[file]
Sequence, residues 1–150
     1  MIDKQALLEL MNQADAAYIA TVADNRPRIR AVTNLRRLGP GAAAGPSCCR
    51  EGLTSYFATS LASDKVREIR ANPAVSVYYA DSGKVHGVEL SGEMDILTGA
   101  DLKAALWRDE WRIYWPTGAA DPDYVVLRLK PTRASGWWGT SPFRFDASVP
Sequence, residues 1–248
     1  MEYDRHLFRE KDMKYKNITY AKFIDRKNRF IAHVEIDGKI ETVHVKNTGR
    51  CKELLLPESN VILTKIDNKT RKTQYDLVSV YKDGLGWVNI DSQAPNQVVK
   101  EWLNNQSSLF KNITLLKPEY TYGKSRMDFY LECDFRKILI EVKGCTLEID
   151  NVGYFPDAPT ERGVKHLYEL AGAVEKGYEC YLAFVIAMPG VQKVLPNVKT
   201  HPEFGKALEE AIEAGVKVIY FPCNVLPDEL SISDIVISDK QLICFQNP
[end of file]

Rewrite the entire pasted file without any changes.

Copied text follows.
Sequence, residues 1–150
     1  MIDKQALLEL MNQADAAYIA TVADNRPRIR AVTNLRRLGP GAAAGPSCCR
    51  EGLTSYFATS LASDKVREIR ANPAVSVYYA DSGKVHGVEL SGEMDILTGA
   101  DLKAALWRDE WRIYWPTGAA DPDYVVLRLK PTRASGWWGT SPFRFDASVP
Sequence, residues 1–248
     1  MEYDRHLFRE KDMKYKNITY AKFIDRKNRF IAHVEIDGKI ETVHVKNTGR
    51  CKELLLPESN VILTKIDNKT RKTQYDLVSV YKDGLGWVNI DSQAPNQVVK
   101  EWLNNQSSLF KNITLLKPEY TYGKSRMDFY LECDFRKILI EVKGCTLEID
   151  NVGYFPDAPT ERGVKHLYEL AGAVEKGYEC YLAFVIAMPG VQKVLPNVKT
   201  HPEFGKALEE AIEAGVKVIY FPCNVLPDEL SISDIVISDK QLICFQNP